Chang: For me it was weird. I had a classmate from Canada. I used to get really excited about watching Blink 182 and Green Day on MTV. When I was talking about music to this guy, he was sort of like, “well, that’s cool but I’m going to introduce you to the real shit.” He got me into The Sex Pistols, The Misfits, and all of that stuff. After that, he went back to Canada and I met these guys [in the band].
Gabo: I was into metal in high school. My grandma was friends with some ladies and one of their daughters had a boyfriend in a punk rock band that was looking for a singer. So, she saw me around and I had metal shirts on, you know? So, she asked me if I wanted to try out. So, when I tried out for the band I knew about punk rock, but only whatever was on the radio.
Chato: I remember that, man. We played that first show together. That shit was funny, man. He looked like fuckin’ Bobby Hill. He was so tiny. 
Gabo: So, I got into the band and everybody had really cool influences from skate punk to crossover thrash. So, everything just kinda made sense to me. 
Kumi: I used to read a magazine called The Grimoire of Exalted Deeds.
Chato: Ah, is that a business journal?

Growing up, was it accessible to get records in Guatemala?

Chato: No. Not at all. I told you we met Kathy, right? She moved to Belgium and she had a distro. And from the States it was impossible to get anything after we got into all this music. So, she would send us all of these European zines in French and shit. We couldn’t even fuckin’ read ‘em. Through zines, we started ordering records, but since we couldn’t get it from the States, she started ordering shit to Belgium and would send it down to Guate. So it would take, what?-- three and a half months to get a fuckin’ record? So, that’s why we know all of those records by heart. We couldn’t get shit.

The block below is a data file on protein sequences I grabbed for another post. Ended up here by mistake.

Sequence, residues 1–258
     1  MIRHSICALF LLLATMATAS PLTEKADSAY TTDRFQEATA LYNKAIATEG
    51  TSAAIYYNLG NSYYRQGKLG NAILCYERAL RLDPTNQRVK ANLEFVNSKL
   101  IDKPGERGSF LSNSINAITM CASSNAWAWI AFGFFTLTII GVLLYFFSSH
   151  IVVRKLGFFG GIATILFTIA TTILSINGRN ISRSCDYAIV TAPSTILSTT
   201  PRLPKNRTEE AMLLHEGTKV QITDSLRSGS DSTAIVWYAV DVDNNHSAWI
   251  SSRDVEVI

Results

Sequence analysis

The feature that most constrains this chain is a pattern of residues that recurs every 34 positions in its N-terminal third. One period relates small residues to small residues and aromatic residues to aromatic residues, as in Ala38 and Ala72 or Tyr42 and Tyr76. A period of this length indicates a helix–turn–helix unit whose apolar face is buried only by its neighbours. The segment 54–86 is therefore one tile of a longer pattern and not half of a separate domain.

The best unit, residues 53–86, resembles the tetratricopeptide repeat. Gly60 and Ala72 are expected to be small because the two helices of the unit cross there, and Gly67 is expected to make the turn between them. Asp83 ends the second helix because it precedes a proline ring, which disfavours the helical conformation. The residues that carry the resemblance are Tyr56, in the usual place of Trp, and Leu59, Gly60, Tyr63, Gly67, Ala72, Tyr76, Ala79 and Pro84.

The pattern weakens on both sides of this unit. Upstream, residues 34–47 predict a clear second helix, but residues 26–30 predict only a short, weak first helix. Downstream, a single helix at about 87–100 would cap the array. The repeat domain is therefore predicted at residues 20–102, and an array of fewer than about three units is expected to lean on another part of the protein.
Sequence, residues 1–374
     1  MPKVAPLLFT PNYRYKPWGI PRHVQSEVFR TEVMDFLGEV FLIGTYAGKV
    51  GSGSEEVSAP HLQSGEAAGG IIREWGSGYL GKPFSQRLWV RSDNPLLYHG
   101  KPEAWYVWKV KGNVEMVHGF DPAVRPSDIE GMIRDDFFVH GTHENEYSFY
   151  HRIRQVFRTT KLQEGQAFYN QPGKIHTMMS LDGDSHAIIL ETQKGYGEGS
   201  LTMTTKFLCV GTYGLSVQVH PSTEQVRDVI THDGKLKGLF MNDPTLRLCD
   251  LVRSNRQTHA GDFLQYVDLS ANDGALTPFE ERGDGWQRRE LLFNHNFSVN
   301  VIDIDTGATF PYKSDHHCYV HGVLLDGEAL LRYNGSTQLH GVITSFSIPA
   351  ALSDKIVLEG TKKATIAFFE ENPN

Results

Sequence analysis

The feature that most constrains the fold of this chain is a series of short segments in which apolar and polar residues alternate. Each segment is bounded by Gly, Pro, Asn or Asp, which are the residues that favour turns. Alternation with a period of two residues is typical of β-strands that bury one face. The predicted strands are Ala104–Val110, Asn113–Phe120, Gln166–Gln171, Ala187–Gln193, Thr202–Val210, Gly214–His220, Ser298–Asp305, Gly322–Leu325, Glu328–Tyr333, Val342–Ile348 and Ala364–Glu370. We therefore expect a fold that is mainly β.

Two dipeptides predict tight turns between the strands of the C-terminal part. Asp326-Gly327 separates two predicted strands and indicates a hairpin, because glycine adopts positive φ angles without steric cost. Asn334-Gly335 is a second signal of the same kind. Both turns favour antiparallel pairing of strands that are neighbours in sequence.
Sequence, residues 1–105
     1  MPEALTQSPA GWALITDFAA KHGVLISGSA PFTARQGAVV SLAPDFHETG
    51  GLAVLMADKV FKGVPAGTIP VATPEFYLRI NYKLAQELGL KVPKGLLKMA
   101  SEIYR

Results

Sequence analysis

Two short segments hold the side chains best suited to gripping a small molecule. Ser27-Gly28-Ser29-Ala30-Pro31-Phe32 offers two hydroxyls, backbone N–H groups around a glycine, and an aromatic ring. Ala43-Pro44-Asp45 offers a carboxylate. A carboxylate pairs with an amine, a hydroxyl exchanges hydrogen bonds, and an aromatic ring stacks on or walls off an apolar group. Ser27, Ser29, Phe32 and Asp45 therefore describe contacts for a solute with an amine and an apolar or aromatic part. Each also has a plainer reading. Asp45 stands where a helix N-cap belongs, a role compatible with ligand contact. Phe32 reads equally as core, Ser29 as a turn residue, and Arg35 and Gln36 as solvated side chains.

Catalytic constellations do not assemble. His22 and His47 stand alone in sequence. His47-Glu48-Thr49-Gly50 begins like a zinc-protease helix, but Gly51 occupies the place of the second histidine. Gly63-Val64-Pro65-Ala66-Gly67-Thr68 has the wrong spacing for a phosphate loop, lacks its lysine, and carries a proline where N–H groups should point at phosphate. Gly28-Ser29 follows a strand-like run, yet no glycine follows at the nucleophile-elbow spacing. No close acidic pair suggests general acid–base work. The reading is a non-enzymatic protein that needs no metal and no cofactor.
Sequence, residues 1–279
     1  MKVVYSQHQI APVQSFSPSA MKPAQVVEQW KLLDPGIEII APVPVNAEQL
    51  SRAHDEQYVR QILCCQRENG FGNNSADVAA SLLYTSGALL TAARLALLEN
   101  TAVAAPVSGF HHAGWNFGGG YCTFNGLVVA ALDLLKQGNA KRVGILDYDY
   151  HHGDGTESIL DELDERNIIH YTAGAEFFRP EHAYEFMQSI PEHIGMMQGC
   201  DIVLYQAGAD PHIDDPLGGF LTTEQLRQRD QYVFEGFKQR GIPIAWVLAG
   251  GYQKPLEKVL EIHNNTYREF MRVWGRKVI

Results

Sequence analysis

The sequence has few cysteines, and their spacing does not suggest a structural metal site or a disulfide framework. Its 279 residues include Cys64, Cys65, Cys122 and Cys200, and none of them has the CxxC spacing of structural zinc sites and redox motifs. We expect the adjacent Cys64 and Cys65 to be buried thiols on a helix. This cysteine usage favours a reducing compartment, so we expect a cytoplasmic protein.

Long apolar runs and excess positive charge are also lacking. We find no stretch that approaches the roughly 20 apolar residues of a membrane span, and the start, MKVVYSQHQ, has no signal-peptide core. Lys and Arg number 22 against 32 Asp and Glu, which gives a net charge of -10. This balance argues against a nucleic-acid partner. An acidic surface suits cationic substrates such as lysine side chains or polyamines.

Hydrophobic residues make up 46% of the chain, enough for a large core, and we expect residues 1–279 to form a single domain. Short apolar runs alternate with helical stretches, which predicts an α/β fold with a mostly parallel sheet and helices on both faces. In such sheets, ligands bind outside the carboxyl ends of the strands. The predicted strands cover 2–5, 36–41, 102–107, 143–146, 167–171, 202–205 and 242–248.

Espe: And once one of us got a record, it would be taped and prostituted massively amongst everybody.
Chato: The Hardass Compilations! We used to get these compilations called Hardass. Well, that’s the name the dude from the distro would call it. He was sending awesome fucking mixtapes and it would have Los Crudos, fuckin’ Spazz, and European shit like Fingerprint, terrible Italian shit like Timebomb. it was a little bit of everything. From that to J Church. Fuckin’ Promise Ring and shit. It was a little bit of everything. So, it was these mixtapes from Europe and we would pick up on that.

Were any of you straightedge? And if so, how did you break edge?

Chato:  That would just be Expectativa. You were straightedge! You were straightedge, too (points at Chang)!
Espe: He was also Christian, so that doesn’t count. He broke Christ.
Chang: How did I break? I think it was because of Gabo. I sort of quit the punk and hardcore scene for a couple of years. These skinhead guys started inviting me to their barbecue parties. I just saw these guys never stop drinking beer and I decided “what the fuck? it’s just a drink.” And I liked it. 
Chato: And now he’s a full-fledged drug addict.  Alright? Además? Oh, Expectativa is still kinda straightedge.
 Espe: I was straightedge for a long time, really. And then I moved to Spain. I didn’t want to break edge and become one of those guys that goes to clubs. I just didn’t want to be straightedge anymore. In Spain, there’s beer and wine everywhere.